Reviewed by Steven Ratiner
Sunday, August 6, 2006
By Jane Hirshfield
HarperCollins. 97 pp. $23.95
"Enough is not enough when it comes to poetry." So said one of the most accomplished practicioners writing in English today, Seamus Heaney. For him, the power of the poem is achieved by running more voltage through the poetic device, by "over-languaging the language." What distinguishes this very specialized work from all the rest of written expression is that palpable sense of more. Or sometimes less. . . .
Despite a number of interesting experimental movements, the dominant mode in American poetry over the past quarter-century is a kind of secular plainsong that steers clear of rich musicality, complicated structures and that notion of superfluity. Perhaps the contemporary sensibility has been affected by how frequently we've seen bad ideas trotted out in elaborate intellectual clothing. From poetry to politics to pop culture, we've learned to be wary of the thorn tucked away inside the dramatic flourish, the manipulative impulse concealed by stylistic embellishment. In reaction, the governing poetic principles seem to be clarity and simplicity.
In the hands of a skilled writer, especially one who has committed years to observing and thinking about some small corner of existence -- poets such as Jack Gilbert, Mary Oliver and Louise Glück -- this poetry can achieve breathtaking effects that are all the more mystifying because, at first, we can find no apparent cause for this sudden in-rush of energy.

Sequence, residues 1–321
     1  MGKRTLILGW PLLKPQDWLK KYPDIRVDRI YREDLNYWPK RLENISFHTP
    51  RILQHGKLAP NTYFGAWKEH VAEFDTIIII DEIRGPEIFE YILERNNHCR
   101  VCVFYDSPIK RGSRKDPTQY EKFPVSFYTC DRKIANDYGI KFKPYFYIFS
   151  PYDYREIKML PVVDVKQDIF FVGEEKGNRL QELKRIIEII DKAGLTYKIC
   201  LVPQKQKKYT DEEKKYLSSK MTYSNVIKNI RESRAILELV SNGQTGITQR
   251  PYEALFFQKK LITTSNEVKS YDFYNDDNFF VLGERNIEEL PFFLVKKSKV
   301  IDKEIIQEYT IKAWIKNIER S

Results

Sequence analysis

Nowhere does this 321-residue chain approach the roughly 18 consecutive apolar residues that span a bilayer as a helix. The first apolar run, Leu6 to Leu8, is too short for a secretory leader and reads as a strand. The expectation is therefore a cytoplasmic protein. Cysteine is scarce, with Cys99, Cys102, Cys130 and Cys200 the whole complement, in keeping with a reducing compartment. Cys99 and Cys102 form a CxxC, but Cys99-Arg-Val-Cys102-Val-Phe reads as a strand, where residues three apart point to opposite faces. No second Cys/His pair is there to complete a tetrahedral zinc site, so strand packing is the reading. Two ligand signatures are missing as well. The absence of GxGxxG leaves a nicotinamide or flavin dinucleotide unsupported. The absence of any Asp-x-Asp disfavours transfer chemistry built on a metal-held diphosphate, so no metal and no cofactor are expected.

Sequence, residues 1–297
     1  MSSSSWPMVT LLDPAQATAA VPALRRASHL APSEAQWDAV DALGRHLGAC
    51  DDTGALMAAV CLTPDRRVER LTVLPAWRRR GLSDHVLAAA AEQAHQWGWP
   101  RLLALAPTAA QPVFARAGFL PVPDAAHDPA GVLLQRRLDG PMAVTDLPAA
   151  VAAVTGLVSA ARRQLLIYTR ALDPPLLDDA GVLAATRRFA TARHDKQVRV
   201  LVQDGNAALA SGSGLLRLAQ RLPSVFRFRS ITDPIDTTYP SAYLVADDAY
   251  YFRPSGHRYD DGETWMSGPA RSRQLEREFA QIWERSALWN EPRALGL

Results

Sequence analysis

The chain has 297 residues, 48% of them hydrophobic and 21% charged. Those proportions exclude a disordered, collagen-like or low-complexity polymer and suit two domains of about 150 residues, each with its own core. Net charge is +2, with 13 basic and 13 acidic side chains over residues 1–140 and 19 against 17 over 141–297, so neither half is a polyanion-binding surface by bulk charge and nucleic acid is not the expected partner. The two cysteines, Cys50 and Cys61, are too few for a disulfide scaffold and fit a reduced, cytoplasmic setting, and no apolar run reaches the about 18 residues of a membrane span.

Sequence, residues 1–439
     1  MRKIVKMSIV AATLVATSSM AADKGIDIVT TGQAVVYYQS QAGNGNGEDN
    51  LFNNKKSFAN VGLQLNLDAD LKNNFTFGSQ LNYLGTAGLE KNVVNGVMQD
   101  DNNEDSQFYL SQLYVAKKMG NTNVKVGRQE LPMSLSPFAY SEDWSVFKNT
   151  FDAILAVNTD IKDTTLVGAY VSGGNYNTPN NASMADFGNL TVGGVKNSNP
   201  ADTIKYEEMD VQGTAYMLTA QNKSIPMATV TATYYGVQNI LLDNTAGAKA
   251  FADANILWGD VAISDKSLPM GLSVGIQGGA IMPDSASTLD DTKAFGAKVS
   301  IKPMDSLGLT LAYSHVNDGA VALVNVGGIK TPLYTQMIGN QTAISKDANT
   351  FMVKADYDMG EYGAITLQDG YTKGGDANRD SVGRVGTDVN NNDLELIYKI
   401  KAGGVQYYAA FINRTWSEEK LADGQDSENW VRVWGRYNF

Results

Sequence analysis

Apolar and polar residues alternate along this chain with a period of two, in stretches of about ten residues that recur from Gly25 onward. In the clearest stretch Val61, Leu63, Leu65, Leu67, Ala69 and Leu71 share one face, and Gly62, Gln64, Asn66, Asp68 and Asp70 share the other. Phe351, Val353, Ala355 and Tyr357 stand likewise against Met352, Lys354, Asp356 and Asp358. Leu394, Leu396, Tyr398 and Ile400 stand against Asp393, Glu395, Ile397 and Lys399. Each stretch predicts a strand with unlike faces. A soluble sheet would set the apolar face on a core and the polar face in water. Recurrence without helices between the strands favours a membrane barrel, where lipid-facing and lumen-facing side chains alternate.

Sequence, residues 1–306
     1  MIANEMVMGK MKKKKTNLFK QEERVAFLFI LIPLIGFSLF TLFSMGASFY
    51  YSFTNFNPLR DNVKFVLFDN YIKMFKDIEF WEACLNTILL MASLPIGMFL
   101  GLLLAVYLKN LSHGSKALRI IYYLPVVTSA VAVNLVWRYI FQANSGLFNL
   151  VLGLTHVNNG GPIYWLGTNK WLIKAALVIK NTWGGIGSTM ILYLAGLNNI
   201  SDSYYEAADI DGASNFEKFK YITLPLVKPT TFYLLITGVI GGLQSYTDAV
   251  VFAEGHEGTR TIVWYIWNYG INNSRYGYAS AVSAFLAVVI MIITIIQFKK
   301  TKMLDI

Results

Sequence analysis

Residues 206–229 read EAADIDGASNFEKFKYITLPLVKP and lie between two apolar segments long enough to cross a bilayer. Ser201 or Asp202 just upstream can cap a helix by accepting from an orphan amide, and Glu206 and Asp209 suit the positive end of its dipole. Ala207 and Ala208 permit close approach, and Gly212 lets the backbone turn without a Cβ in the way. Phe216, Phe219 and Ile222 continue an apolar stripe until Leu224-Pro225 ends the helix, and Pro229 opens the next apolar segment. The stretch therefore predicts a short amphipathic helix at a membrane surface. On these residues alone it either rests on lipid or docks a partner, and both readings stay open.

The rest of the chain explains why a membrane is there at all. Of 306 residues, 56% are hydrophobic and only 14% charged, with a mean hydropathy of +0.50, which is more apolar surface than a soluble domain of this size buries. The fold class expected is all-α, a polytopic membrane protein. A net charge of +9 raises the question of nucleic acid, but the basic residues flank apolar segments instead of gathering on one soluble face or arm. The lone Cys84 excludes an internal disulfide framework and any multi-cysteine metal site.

Very quietly, Jane Hirshfield has been producing work that is earning her a place in the pantheon of those modern masters of simplicity. The publication of her sixth volume of poetry, After , will only serve to broaden her audience and solidify that reputation.
Hirshfield is a practicing Buddhist who has made her home in northern California -- as did the venerable Gary Snyder before her. But her religious discipline is rarely an overt presence in her texts. Her poems are more in the spirit of the T'ang Dynasty masters such as Wang Wei, whose spiritual outlook was wholly ingrained in the simplest practices of daily life, a reflected light emanating from the landscape. By paring down the moment to its essential elements and allowing ephemeral thoughts to be anchored within the tangible things of the world, Hirshfield comes up with poems that brilliantly portray even mundane experiences as if they were nothing short of revelation.
Take the following short poem, which appears near the end of the new collection:Red Scarf
The red scarf
still hangs over the chairback.
In its folds,
like a perfume
that cannot be quite remembered,
That the scarf "still" hangs over the chair makes us privy to a passage of time, a certain intimacy, the utter daily-ness of even the dearest relationships. Who laid it there, after a long day, intending to tidy up later when time allowed? And who voices the poem's two simple observations, all while leaving the depths of emotion unrevealed? Why can't she bring herself to put away the errant scarf, to restore the household to its proper order? That "inconceivable before" gradually solidifies in our consciousness until it becomes an irrevocable border; beyond it remain those old days of normality that, as is often the case, only convey how loved they were through their absence.